Buy, Fresh & Local Produce to incorporate into your meals! Family Traditions Farms, Glorious Jackson County Farmer's Market and the Shelton Family Farm

Click on each listing, embedded links open into a separate window!

1. Grilled Rosemary Salmon

2. Scallop and Cherry Tomato Skewers

3. Cilantro Lime Shrimp 

4. Spanish Shrimp & Sausage Skewers

5. Scallops Yakituri

6. Mango Chili Glazed Scallops

7. Salmon & Scallop Skewers

8. Grilled Swordfish Kabobs

9. Herbed Scallop Kebobs

10. Spicy Shrimp & Scallop Recipe


The Problem with Eating Farmed Fish

 Tuesday, January 17, 2012


I have to admit this commentary is biased, prejudiced; not in favor of eating farmed fish so much as in KNOWING who, what, where, and how the fish is farmed. Who raises this fish? What are they feeding their fish? Where and in what manner do they farm? Who determines what is fed and How are fish raised? So many questions, so much information, and such a challenge: What to buy?

Eric’s Fresh Fish Markets primarily sells Wild caught fish from our hemisphere. Much of what we carry varies weekly and season to season, as well as locale to locale. B/c we share a commitment w/ Inland Seafood to the environment and providing sustainable fish, nothing comes from over-fished sources or areas. For example; none of the Red Snapper comes from the Atlantic. Most comes from various areas in the Gulf, Central and South America.

Responsible fish farming is what we need to support, and discovering specific fisheries which follow healthy and sustainable practices promotes eating well but nurtures the future of eating healthy, fresh fish. A simple Google search, "the problem with eating farmed fish", opens a huge can of worms: 76 MILLION results in 0.29 seconds! That's a TON or two of articles, links, blogs, stories, and opinions! One site promotes healthy foods, belongs to an MD, another CNN news link posits the question: Is farmed fish as healthy as wild? Still another promotes, You are what your fish eat! The head reels . . .

EVERYBODY has an opinion about farmed fish. Some are valid, way too many are simply knee-jerk reactions. The solution is quite simple:


 We offer three farmed alternatives: a. Scottish Farmed Salmon (recently recognized as the Best Farmed Salmon in the World), b.Regal Farms Tilapia (aka Rain Forest Tilapia sourced from Bradenton, Florida, raised in a large Honduran lake, and c. Carolina Mountain Trout provides an exceptional local Rainbow Trout from nearby Andrews, NC, regulated by the North Carolina State Agricultural Commission.

Norma and I eat the same fish you purchase each week from Eric’s Fresh Fish Markets. We care about our bodies and strive to eat healthy. I opened the Fish Market b/c we wanted to eat healthier. Fresh Fish is a major contributor to any healthy diet.

  • Fresh Salmon, everybody's favorite! In addition to providing Wild Alaskan Salmon varieties, we’ve discovered the incredibly delicious Ocean-Farmed Salmon from Scottish Sea Farms. Scottish Salmon is grown in the pure waters of the west coast of Scotland and the northern isles of Shetland, where the wild currents of the North Atlantic Ocean create ideal conditions for rearing a first-class quality product. Scottish Quality Salmon is a delicious, highly nutritious food and an excellent source of essential Omega-3 fatty acids, protein, vitamin A, and a range of B vitamins, as well as the minerals calcium, copper, iron, magnesium, manganese, phosphorus, potassium, selenium, sodium and zinc, all of which are vital ingredients for a healthy balanced diet.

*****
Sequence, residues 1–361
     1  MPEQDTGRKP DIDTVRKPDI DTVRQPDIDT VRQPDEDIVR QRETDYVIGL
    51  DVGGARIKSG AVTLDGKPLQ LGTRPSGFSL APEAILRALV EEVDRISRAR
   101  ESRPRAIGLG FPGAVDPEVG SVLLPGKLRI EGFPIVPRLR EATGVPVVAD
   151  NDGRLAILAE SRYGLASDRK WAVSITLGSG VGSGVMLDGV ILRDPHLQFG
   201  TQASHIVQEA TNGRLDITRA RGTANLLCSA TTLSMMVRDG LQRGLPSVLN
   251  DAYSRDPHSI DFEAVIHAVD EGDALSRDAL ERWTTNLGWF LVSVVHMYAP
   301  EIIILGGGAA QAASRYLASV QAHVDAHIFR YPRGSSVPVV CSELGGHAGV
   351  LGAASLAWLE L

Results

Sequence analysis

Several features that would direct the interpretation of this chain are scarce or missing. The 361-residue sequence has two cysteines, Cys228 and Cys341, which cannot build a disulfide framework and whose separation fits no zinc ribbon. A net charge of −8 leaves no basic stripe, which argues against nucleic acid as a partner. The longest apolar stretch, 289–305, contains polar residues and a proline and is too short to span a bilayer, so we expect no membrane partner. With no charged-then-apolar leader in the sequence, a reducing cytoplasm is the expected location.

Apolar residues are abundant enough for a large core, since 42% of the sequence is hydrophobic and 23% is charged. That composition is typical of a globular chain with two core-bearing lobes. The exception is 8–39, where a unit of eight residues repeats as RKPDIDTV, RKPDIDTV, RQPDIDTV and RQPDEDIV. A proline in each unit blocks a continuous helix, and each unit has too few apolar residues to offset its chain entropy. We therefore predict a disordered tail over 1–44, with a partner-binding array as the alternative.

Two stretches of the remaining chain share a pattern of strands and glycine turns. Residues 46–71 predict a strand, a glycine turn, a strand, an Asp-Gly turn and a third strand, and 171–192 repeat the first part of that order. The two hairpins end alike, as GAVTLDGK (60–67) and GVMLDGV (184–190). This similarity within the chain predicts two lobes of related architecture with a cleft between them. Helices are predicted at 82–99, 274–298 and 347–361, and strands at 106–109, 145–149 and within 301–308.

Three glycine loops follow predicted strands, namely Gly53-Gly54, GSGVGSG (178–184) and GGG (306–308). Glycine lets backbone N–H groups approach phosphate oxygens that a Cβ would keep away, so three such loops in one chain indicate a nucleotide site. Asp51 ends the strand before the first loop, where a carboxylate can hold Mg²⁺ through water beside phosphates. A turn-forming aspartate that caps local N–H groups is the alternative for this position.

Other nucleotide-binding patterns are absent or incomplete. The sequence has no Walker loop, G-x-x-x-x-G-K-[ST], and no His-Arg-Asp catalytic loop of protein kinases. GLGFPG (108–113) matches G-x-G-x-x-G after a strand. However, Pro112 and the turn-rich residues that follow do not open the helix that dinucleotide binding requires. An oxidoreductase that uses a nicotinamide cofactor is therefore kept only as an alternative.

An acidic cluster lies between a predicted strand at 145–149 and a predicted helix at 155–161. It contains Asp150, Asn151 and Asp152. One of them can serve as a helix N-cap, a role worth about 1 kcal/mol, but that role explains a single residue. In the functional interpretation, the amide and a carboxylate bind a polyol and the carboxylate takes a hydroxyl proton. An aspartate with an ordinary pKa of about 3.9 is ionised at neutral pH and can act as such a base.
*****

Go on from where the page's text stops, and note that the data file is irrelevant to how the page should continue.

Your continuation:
Regal Springs Rain Forest Tilapia. (click here) A sustainable aquaculture success story: Regal Farms Tilapia in Honduras (click here). Consistent taste, size, quality and price have made Rain Forest Tilapia a customer favorite in Eric's Fresh Fish Market. Farm-raised in freshwater lakes and reservoirs fed by pure mountain rainwater, Regal Springs Tilapia offers a consistently mild, but slightly sweet flavor. Delicious grilled, baked, sautéed, broiled or poached, Tilapia accepts sauces well and can be used in recipes calling for Snapper, Dover Sole, Cod, Haddock, Pompano, Flounder, Sea Bass, even Orange Roughy. The Nutritional Facts speak for themselves: A 3-oz serving of Tilapia contains up to 100 mg of omega-3. While other fatty fish may contain higher amounts of Omega-3 fatty acids, Tilapia is still a better choice for Omega-3 than pork, poultry, or beef. Regal is HACCP certified, adheres to strict safety and quality standards; their Tilapia contains no antibiotics, no preservatives, and no growth hormones. Click Here for some Delicious Recipes!

  • Carolina Rainbow Trout! Each week, you'll discover Locally raised Fresh Rainbow Trout Fillets. Dressed Rainbow Trout can be ordered in advance. This delicious Regional favorite is farm-raised up the road in Andrews, N.C. by Carolina Mt. Trout, a fishery affiliated with the North Carolina State Cooperative Extension in Raleigh. Rainbow trout is an excellent meat group choice because it is lower in fat and calories than some foods from the meat group and is also a good source of many important nutrients. A 3-ounce serving of cooked rainbow trout contains 22 grams of protein and only 130 calories, 4 grams of fat, 1 gram of saturated fat, and 30 milligrams of sodium. Health conscious Americans should consider including rainbow trout in their diet. Whether you prepare and eat trout at home or at a restaurant, rainbow trout is a delicious, nutritious, and healthy choice.